Of course, this meant that Kashin would be going as well. While he could no longer hop wood himself with any degree of facility, he certainly could help in a myriad other ways. He could arrange tools and help load the wagon with the hewn branches. While another would chop he could brace the logs so that they could be cleaned of any twigs, which would be used for kindling. They were Magyars after all, and would not waste any of the trees they chopped from.
Varna supplied them all with a few fruits that were still good, while the other Magyars moved the equipment from the top of their wagon to neighbouring wagons, leaving them more than enough room for a new supply of wood. They did not have to chop every log into small piece of course, that would take far too long, and could always be done later. But they would have to bring back enough to last them several more nights. There would be more trees they could harvest along the way.
Strangely enough, they were all feeling rather good that morning. Pelgan and Gamran were swapping jokes and ridiculous tales, while Chamag and Kaspel inserted a few bawdy ones to round out the camaraderie. Berkon did not say much as he clung to the railing at the top of the wagon, but laughed heartily at the words of his fellow Magyars. Kashin also laughed as he leaned against the railing, legs crossed beneath him in the style long practised amongst those living in Yesulam, but absent elsewhere.
When he had first come amongst the Magyar, they had pointed it out, but now it was as much a part of his identity as was his missing arm, one that they accepted without question. Kashin did not volunteer any stories of his own as Chamag drove the Assingh, leading them north along the river, the town of Doltatra slipping behind them. He did not know how they would react to the stories of priests and of knights, though he suspected they would enjoy them nonetheless.
But the real reason that Kashin did not speak was that his mind continued to try and grasp at the fleeting images that had haunted him in his dreams the night before. He could not pin any of them down, but they tickled the back of his mind much like the fabric of his tunic tickled at his chest and sides. He scratched sullenly as he tried to find those images, but they proved as inscrutable now as they did when he’d arisen that morning.
Kashin suspected that they had everything to do with the events of the previous evening. Why should he so easily accept thievery as part of his life? Everything he had ever been taught up until then had demonstrated quite the opposite. And that he was a grown man made accepting it all the more difficult. Why he could not find it in his heart to hold it against Gamran, who was too utterly likable to truly be a thief, he still knew that it had to be wrong. No matter what Hanaman said, he doubted that he could ever accept being a Magyar, being Nemgas, if that meant accepting stealing.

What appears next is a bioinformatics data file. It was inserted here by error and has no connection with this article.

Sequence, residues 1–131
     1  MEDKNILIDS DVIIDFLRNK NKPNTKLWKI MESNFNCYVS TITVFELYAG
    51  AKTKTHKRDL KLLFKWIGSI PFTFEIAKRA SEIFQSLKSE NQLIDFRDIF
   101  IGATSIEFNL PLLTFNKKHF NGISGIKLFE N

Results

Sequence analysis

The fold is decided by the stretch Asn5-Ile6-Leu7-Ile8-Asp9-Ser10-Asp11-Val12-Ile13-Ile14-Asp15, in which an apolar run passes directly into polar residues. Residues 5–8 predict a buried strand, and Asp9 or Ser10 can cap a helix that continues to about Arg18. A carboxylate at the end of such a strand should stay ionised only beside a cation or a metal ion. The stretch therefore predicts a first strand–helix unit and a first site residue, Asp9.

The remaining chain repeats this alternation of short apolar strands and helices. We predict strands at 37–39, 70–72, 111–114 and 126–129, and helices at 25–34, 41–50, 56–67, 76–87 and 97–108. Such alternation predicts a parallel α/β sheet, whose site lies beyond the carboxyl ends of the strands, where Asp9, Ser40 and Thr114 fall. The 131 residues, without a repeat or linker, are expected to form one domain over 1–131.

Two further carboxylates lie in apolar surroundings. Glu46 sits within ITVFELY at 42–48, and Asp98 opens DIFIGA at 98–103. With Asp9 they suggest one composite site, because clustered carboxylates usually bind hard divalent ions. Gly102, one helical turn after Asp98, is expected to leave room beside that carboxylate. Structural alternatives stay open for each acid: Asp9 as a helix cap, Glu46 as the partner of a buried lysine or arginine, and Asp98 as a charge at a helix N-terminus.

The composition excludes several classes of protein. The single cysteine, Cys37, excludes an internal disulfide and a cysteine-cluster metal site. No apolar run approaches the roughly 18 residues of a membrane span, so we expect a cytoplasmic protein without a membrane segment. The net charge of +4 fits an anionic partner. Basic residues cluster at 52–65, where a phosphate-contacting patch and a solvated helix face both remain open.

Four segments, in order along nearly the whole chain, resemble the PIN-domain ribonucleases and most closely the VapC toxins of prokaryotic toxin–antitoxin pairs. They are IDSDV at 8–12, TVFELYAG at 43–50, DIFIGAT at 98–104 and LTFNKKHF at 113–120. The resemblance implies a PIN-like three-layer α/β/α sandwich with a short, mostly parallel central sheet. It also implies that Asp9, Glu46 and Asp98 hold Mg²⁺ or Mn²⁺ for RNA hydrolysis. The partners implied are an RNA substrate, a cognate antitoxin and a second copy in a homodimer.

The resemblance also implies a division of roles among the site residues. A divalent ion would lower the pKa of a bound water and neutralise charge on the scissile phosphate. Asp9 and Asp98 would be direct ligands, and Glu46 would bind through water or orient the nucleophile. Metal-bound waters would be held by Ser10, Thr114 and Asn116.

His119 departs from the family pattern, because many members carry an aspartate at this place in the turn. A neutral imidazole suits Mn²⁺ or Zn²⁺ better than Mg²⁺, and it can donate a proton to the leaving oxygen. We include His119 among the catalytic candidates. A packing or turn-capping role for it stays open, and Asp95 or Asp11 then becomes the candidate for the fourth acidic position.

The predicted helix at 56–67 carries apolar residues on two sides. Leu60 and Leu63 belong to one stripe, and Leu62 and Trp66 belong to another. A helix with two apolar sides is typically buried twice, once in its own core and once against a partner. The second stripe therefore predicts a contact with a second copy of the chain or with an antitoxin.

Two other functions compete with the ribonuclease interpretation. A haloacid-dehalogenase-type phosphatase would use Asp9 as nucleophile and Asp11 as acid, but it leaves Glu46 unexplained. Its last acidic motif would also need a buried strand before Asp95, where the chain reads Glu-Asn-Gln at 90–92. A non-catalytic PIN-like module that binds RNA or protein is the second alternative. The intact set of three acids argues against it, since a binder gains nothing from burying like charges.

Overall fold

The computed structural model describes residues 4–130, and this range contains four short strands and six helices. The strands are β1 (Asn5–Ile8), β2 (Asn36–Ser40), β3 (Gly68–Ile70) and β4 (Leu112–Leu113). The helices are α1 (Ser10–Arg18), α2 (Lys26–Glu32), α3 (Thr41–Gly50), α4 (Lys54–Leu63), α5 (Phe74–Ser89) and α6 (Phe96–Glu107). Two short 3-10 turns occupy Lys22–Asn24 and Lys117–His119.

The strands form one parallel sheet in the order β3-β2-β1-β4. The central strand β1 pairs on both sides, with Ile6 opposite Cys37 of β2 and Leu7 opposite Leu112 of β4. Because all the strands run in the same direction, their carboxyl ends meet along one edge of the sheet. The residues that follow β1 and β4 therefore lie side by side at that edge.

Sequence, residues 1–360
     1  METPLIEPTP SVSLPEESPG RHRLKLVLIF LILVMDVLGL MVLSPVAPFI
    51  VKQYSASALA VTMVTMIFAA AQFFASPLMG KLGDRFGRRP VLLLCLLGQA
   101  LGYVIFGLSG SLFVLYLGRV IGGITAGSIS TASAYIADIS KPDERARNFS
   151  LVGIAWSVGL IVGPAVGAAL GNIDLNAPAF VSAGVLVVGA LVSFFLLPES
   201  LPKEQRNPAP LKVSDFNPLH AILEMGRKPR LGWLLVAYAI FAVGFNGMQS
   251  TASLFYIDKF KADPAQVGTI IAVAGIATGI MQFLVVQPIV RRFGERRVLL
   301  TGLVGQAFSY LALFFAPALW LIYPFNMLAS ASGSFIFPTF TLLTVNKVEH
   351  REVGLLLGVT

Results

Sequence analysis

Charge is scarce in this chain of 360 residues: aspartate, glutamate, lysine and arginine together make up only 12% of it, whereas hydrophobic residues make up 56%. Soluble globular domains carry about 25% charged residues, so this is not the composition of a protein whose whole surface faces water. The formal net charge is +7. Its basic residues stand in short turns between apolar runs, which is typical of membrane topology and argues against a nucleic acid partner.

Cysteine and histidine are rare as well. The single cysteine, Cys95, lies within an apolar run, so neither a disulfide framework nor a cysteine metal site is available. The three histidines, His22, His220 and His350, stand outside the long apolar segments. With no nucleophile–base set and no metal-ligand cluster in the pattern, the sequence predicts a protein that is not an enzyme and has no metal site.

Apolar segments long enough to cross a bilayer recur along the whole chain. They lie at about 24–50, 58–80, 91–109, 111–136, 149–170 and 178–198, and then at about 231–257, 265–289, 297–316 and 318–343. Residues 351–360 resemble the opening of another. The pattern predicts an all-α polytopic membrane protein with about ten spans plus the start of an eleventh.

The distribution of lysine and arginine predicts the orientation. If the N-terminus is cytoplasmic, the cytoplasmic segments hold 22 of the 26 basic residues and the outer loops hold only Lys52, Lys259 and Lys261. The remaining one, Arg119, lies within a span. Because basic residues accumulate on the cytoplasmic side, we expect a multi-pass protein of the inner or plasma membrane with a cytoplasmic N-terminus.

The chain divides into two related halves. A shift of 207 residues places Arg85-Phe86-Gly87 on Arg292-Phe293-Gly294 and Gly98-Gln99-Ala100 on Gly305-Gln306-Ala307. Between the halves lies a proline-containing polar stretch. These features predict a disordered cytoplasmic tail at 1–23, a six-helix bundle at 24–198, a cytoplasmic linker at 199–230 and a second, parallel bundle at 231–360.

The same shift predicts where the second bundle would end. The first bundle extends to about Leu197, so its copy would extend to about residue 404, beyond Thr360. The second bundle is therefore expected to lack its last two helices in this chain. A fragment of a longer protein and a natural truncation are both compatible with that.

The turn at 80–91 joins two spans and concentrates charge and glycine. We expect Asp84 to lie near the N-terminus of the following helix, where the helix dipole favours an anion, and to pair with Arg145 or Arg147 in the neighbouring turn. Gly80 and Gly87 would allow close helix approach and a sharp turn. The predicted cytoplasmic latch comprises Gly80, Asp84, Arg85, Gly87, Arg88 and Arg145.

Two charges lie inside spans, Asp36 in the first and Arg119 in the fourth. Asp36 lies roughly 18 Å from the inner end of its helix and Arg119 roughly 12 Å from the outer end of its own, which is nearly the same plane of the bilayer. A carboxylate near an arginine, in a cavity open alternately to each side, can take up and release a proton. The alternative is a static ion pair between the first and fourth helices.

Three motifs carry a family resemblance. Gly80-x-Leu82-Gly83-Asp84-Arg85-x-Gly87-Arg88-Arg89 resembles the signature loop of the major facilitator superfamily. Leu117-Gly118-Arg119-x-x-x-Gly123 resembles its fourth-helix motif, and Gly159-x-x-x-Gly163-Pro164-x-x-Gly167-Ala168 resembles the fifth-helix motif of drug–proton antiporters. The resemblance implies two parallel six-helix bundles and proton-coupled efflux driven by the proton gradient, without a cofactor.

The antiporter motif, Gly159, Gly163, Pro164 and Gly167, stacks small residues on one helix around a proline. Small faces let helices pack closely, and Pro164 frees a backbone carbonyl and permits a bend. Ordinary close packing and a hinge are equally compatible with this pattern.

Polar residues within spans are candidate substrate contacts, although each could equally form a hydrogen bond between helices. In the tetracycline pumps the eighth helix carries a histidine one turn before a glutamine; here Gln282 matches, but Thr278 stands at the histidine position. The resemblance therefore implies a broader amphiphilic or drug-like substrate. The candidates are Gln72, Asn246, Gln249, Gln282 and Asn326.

Chopping wood was an entirely different matter, he realised with a grin. Berkon let out a loud laugh, slapping his knees with one hand then, snapping his attention away from his morose thoughts. “Didst thee hear, Nemgas?” Gamran asked, barely containing his own exuberant laughter. “Didst thee hear the one about the horseman, his horse, and the village girl?”
Kashin shook his head, trying to hide the blush that wished to come out upon his face. He suspected he already knew the punch line to this one. Definitely not a joke one of the Yeshuel would have told. One of the knights though, quite likely, when none of the priests were nearby! In fact, he had heard a few of them himself from those knights, especially the ones from the Flatlands.
“No, I have not. Tell me about them.”
Gamran’s eyes twinkled in fiendish delight then as he began to relate a sordid little tale much like Kashin had expected. Berkon roared with laughter once again when he finished, as did Pelgan, Chamag, and Kaspel. Kashin laughed slightly and shook his head, not sure whether he was truly glad he’d been right or not!
Strangely enough, the crude jokes only made him happier that they were going to be out chopping wood. The coarse humour felt appropriate to him amongst the Magyar, despite his own upbringing. And then, remembering a joke he had heard himself from one of the knights, he leaned forward and spoke in a low tone. “Let me tell thee the one about the Magistrate, his son, and the town harlot.” Surprised delight filled the eyes of his fellow Magyars then, and he was glad to see it.
It was going to be pleasant day after all, he decided.